• The need for public and private spaces

• Social interactions

• Family structure and traditions governing them.

Result

Socio-cultural attitudes has opened new horizons for the researchers in architecture area and has brought out architectural topics from its material aspects. According to studies, we can divide the factors effecting on construction of a building into two categories of immaterial factors and material factors[15]. Accordingly, the climate, technology and materials and position are considered in the material class. So, shape of a building is the result of mixing complex and numerous factors and their reactions and actually choosing one factor will limit the matter and not seen other factors and will not yield a right conclusion [14]. So according to studies in this book we have denied some theories that consider the main causality in factors such as climate and technology as the main factor in shaping buildings. Studies has led to denying the climate determination theory and showed that there are other forces which must be considered. These forces include religious beliefs, rituals, features of social classes, culture and traditions of a community, the society and family which are all non-climate factors [15,16].

References

Select your language of interest to view the total content in your interested language
Post your comment

Share This Article

Article Usage

  • Total views: 147
  • [From(publication date):
    September-2017 - Nov 21, 2017]
  • Breakdown by view type
  • HTML page views : 125
  • PDF downloads : 22
 

Post your comment

captcha   Reload  Can't read the image? click here to refresh

Peer Reviewed Journals
 
Make the best use of Scientific Research and information from our 700 + peer reviewed, Open Access Journals
International Conferences 2017-18
 
Meet Inspiring Speakers and Experts at our 3000+ Global Annual Meetings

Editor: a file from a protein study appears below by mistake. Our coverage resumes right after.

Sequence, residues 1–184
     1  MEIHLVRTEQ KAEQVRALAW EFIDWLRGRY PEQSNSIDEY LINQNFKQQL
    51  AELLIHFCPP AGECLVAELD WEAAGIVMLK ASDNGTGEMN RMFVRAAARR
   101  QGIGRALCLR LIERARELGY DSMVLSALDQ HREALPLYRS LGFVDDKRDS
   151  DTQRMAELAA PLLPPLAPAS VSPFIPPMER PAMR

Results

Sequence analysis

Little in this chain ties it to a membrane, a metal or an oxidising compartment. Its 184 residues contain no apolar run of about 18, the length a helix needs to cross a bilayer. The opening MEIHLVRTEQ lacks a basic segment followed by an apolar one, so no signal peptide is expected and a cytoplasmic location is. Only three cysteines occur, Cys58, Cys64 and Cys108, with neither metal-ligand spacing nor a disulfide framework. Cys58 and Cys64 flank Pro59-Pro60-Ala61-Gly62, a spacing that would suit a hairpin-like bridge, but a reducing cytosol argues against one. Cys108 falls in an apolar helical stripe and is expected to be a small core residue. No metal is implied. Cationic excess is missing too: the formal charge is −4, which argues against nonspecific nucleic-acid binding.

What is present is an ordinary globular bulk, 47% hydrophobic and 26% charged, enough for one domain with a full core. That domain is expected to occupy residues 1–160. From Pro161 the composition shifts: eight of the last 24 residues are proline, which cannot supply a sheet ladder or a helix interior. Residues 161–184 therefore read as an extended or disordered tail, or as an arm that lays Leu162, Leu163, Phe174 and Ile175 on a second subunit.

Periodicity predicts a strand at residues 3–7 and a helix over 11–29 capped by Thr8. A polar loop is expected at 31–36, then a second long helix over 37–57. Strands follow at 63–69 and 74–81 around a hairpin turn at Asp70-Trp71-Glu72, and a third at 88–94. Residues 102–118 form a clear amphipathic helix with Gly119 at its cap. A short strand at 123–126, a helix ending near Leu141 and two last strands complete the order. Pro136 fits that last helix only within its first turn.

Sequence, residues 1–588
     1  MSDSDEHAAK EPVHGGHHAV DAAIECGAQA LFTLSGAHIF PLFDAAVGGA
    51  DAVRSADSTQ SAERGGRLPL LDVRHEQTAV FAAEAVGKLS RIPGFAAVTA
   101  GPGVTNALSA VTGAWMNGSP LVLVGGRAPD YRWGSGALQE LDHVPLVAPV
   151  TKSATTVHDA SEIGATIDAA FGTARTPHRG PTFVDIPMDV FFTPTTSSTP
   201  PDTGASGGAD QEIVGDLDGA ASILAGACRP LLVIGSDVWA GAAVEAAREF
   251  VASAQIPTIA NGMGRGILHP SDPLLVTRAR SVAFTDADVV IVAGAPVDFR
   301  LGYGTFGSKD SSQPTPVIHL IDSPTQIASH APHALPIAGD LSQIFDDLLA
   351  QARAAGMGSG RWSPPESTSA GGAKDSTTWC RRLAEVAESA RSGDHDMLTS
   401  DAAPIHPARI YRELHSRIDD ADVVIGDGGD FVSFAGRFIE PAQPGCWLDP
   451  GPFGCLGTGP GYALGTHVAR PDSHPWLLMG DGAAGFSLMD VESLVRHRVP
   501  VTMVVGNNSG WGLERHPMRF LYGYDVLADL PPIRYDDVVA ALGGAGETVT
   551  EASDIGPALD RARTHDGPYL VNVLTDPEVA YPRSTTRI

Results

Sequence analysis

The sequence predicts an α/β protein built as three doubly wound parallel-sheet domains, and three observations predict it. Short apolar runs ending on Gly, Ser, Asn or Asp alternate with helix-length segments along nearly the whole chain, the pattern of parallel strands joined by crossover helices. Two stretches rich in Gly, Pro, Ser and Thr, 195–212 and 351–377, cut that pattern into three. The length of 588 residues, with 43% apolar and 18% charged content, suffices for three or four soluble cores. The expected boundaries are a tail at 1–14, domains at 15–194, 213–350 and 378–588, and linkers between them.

Contact Us

Agri & Aquaculture Journals

Dr. Krish

[email protected]

1-702-714-7001Extn: 9040

Biochemistry Journals

Datta A

[email protected]

1-702-714-7001Extn: 9037

Business & Management Journals

Ronald

[email protected]

1-702-714-7001Extn: 9042

Chemistry Journals

Gabriel Shaw

[email protected]

1-702-714-7001Extn: 9040

Clinical Journals

Datta A

[email protected]

1-702-714-7001Extn: 9037

Engineering Journals

James Franklin

[email protected]

1-702-714-7001Extn: 9042

Food & Nutrition Journals

Katie Wilson

[email protected]

1-702-714-7001Extn: 9042

General Science

Andrea Jason

[email protected]

1-702-714-7001Extn: 9043

Genetics & Molecular Biology Journals

Anna Melissa

[email protected]

1-702-714-7001Extn: 9006

Immunology & Microbiology Journals

David Gorantl

[email protected]

1-702-714-7001Extn: 9014

Materials Science Journals

Rachle Green

[email protected]

1-702-714-7001Extn: 9039

Nursing & Health Care Journals

Stephanie Skinner

[email protected]

1-702-714-7001Extn: 9039

Medical Journals

Nimmi Anna

[email protected]

1-702-714-7001Extn: 9038

Neuroscience & Psychology Journals

Nathan T

[email protected]

1-702-714-7001Extn: 9041

Pharmaceutical Sciences Journals

Ann Jose

[email protected]

1-702-714-7001Extn: 9007

Social & Political Science Journals

Steve Harry

[email protected]

1-702-714-7001Extn: 9042

 
© 2008- 2017 OMICS International - Open Access Publisher. Best viewed in Mozilla Firefox | Google Chrome | Above IE 7.0 version
adwords